Tuesday, December 12, 2006

U.S. v. Luong (9th Cir. - Dec. 12, 2006)

Two interesting things about this case.

First, although the opinion only parenthetically refers to it, the facts of the case involve something that I don't recall having seen before: The "different sovereign" exception to the Double Jeopardy Clause being employed by the government to circumvent an adverse search and seizure ruling. Here, the defendant gets indicted in a California state court on a drug charge, but the state trial court court holds that the warrant wasn't supported by probable cause (and the good faith exception didn't apply), so suppresses the evidence, and the California Court of Appeal affirms. At which point the U.S. responds by indicting the defendant in federal court, on the basis of the same evidence that had been suppressed in state court, and asking the federal court to allow it in even though the state court hadn't. No privity, after all (or at least allegedly), so res judicata doesn't apply.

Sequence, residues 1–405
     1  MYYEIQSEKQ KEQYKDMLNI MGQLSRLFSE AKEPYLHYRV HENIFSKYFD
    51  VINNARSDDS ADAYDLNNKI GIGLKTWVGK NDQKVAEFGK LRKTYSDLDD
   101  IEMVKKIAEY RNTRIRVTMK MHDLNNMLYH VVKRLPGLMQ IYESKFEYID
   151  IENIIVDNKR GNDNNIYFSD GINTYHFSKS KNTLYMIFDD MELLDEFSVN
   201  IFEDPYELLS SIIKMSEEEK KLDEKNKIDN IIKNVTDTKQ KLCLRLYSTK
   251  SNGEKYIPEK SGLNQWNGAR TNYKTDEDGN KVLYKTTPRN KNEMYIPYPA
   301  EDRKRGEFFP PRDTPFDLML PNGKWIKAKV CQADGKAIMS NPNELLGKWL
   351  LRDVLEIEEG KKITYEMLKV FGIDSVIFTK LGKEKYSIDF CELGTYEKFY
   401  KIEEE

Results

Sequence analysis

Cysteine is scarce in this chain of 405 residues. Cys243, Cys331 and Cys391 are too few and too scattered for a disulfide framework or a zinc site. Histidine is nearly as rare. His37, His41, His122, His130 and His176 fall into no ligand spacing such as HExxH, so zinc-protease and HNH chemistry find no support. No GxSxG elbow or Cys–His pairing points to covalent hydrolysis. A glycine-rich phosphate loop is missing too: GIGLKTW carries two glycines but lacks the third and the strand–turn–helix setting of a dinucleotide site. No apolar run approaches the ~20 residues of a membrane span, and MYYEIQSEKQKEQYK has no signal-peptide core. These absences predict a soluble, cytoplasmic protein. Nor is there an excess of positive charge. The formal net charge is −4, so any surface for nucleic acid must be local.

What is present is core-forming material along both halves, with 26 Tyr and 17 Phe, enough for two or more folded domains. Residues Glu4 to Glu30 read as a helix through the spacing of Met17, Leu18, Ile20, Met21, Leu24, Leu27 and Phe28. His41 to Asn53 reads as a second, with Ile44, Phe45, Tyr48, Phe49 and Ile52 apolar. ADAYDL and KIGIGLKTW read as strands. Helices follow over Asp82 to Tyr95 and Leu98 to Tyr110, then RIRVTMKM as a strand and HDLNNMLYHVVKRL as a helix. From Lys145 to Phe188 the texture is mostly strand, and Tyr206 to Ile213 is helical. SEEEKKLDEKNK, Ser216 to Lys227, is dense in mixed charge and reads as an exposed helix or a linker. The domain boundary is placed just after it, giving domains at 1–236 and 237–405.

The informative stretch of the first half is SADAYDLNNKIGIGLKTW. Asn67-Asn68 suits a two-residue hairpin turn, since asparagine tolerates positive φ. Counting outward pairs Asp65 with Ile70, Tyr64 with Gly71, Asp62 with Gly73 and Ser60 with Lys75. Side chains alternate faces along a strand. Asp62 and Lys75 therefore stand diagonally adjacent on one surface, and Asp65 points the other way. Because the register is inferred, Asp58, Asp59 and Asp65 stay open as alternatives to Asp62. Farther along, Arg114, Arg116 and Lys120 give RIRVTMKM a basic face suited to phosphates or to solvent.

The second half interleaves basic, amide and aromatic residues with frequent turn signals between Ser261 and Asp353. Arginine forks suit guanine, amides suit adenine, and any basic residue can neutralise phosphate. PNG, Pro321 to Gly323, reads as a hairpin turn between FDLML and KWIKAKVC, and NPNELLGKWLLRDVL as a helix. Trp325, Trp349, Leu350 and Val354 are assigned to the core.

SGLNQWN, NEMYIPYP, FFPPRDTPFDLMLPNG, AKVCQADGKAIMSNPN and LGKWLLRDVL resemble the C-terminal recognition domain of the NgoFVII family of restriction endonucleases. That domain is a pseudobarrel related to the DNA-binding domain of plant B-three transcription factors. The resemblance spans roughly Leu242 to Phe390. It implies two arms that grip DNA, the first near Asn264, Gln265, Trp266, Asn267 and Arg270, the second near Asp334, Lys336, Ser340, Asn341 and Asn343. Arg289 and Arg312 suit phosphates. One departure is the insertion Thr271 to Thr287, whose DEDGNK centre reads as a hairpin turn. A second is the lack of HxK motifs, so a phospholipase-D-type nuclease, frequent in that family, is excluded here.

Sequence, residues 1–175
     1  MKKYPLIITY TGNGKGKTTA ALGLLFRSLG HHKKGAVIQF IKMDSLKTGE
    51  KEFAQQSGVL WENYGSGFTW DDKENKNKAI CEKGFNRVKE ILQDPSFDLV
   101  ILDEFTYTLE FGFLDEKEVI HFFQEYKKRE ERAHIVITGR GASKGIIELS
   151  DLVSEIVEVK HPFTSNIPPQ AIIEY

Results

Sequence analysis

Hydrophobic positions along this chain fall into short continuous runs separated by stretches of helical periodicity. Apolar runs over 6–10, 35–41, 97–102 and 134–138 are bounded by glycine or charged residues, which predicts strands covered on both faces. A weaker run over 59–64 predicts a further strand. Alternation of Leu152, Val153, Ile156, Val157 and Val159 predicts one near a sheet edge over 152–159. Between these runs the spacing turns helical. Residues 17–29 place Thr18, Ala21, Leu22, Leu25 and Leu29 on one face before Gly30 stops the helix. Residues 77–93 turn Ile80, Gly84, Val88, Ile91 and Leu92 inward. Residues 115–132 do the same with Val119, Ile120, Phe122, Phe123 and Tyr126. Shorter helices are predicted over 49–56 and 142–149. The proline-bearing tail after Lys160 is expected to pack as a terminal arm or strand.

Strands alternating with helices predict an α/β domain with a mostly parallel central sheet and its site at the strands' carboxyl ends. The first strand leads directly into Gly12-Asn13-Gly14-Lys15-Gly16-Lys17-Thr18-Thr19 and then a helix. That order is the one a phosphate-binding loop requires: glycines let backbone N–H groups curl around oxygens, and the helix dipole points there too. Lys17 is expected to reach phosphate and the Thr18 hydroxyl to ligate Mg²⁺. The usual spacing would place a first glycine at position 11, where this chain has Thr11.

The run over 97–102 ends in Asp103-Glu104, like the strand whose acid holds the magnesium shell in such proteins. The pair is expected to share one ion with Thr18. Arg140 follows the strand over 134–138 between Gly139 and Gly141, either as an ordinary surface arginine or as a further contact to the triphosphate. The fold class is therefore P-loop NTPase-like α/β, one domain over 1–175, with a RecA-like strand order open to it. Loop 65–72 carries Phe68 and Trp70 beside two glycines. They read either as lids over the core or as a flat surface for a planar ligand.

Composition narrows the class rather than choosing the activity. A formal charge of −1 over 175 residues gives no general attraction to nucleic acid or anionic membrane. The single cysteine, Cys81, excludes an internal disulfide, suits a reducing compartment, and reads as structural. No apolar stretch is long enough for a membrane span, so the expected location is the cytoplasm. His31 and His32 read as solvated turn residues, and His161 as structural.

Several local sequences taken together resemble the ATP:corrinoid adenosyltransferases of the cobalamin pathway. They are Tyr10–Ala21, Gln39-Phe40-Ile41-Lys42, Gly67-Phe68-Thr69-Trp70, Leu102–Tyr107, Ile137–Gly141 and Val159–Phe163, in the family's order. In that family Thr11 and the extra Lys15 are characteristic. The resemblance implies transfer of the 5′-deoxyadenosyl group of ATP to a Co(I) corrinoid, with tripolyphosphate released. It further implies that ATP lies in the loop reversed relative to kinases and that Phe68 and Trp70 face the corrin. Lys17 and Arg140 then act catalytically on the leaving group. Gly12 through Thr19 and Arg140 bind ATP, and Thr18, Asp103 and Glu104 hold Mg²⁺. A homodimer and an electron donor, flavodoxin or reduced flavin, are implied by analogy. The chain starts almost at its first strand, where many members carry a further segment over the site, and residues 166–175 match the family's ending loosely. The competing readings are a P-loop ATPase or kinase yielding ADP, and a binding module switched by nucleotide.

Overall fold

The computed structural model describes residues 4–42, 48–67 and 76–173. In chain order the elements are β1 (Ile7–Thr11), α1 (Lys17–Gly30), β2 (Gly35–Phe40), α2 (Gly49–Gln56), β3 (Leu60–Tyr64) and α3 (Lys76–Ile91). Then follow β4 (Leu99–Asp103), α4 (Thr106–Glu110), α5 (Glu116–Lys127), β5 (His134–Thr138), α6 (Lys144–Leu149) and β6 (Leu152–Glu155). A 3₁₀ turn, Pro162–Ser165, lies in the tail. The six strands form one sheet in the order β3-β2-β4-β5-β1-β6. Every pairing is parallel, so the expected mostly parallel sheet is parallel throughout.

Neat trick, huh?

Second, Judge Tevrizian suppresses the evidence again, and the government appeals to the Ninth Circuit. At which point the panel -- which consists of Judges Fletcher, Ferguson, and Callahan -- has to decide whether to suppress. Remember, the state trial court, the state appellate court, and the district court have all held that the evidence was unlawfully seized. As, in the end, does the majority. But one judge dissents. Can you guess who it is?

I think you can. Not that s/he doesn't make some tolerable points. But I think that the majority -- and all the other judges -- are nonetheless correct.

Rarely do you see a judge on the Ninth Circuit be a fair piece more right-of-center than the California state court in a criminal case. But it happens here. So it's memorable.